Addressing the Navy presence

The Navy can be a wonderful asset in any community. I am so grateful for all the medi-flights done by NAS Whidbey Island. I was surprised that Army divers collaborated with our derelict fishing net removal, rather than the Navy. It would have been a great gesture on the part of the Navy.

My brother is retired Navy and my father was a rescue paratrooper for the Army. I know the essential role of national security that is rendered by the military. Both of these men were able to criticize the military when appropriate, and no one dared to call them anti-military. San Juan County is facing economic challenges, not the least of which is to the tourism business and local resale of homes on south Lopez. The increase of Growler EA-18s now requires people wanting to sell their homes to sign disclosure statements about the Growlers. We have visitors to our National Monument who experience the sound of the Growlers and report “I thought I was going to die,” and “What is that awful noise? How can you stand it?”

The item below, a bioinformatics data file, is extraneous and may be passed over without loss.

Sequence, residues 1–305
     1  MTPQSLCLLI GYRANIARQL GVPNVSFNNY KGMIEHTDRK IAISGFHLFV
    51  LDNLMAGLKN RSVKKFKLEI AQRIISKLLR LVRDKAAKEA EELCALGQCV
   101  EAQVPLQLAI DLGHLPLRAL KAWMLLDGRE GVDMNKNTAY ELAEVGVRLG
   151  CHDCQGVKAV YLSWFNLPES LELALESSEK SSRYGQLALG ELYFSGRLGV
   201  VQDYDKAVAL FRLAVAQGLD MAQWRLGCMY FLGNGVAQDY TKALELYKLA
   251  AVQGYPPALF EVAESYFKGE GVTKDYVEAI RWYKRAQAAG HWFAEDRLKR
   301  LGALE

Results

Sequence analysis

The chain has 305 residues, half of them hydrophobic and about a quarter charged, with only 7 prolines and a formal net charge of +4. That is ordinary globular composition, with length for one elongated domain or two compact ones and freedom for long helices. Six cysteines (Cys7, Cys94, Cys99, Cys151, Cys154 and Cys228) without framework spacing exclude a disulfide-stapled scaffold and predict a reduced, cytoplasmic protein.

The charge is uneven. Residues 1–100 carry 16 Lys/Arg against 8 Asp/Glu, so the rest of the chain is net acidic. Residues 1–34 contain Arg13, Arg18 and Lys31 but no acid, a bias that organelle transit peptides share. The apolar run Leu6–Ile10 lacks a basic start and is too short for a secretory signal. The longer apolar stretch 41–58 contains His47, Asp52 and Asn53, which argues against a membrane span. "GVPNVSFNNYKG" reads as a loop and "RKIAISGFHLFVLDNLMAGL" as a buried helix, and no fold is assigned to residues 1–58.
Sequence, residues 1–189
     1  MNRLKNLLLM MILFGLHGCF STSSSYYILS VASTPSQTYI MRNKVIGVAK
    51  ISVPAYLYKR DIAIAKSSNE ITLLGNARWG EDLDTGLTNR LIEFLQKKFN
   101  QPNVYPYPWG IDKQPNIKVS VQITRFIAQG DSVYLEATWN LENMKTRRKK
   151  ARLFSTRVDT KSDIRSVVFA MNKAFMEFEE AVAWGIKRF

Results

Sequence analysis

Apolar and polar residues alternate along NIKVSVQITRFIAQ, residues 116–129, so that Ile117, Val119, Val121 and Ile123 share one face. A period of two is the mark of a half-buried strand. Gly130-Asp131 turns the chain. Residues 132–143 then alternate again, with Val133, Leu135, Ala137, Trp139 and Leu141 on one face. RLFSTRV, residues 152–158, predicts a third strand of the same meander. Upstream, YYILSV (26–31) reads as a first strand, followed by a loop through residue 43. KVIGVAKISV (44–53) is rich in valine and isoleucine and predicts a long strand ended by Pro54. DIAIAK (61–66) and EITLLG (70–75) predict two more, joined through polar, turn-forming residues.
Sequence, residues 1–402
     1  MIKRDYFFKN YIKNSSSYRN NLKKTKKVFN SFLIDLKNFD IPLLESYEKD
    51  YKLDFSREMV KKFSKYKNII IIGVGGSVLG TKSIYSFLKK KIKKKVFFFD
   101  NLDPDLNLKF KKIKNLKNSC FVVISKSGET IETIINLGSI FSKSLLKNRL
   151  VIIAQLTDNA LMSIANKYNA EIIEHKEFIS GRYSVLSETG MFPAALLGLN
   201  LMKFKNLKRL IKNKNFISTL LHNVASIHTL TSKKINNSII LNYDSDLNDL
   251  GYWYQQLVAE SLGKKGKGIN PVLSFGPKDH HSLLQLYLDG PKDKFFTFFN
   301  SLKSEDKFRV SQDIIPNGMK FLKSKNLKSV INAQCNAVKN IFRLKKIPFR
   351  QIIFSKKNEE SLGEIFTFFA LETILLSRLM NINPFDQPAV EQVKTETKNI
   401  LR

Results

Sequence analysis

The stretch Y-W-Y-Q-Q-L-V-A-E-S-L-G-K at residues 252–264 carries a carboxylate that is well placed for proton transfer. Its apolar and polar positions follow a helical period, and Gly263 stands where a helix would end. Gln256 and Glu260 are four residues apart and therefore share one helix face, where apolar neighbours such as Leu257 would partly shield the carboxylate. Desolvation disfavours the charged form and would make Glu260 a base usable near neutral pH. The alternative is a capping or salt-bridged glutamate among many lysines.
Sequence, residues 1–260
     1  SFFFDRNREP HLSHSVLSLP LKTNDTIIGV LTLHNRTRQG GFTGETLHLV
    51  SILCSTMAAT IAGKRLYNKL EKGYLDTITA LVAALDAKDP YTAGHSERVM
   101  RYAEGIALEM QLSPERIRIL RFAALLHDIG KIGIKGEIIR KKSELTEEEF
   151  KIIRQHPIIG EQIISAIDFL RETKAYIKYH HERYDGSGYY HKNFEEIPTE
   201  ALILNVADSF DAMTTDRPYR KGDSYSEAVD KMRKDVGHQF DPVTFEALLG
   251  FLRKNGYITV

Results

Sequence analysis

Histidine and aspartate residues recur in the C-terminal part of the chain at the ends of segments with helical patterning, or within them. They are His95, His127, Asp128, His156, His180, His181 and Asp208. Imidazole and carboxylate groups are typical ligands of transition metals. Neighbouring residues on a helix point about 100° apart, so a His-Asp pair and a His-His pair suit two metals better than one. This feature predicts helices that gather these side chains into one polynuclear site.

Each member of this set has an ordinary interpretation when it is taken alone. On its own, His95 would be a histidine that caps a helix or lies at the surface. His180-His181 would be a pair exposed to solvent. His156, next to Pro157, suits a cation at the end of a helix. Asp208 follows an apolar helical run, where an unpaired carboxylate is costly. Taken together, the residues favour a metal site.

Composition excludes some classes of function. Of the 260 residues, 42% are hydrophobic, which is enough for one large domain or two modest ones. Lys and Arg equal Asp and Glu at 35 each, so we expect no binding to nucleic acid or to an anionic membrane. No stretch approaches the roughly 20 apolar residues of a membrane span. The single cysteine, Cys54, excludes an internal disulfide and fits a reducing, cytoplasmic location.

According to the economic impact report by Michael Shuman, Washington, D.C.-area attorney, economist and author/editor of nine books: “The [Island] county is losing an estimated $5.7 million a year in sales and property taxes that it would otherwise collect from employees of an equivalently-sized private industry.” He reports that there is an “invisible” $122 million price tag for the Navy’s presence on the island. Contrary to the opinion of the Oak Harbor Chamber of Commerce, the Navy is not always so valuable an asset to a local economy.

All that we homeowners are asking is for the Navy to restore the balance of being a good neighbor. There is no way that people in our beautiful Pacific Northwest region can live with 24,000 operations of the world’s noisiest aircraft over our heads. There are plenty of other options.

Rhea Y. Miller

Lopez Island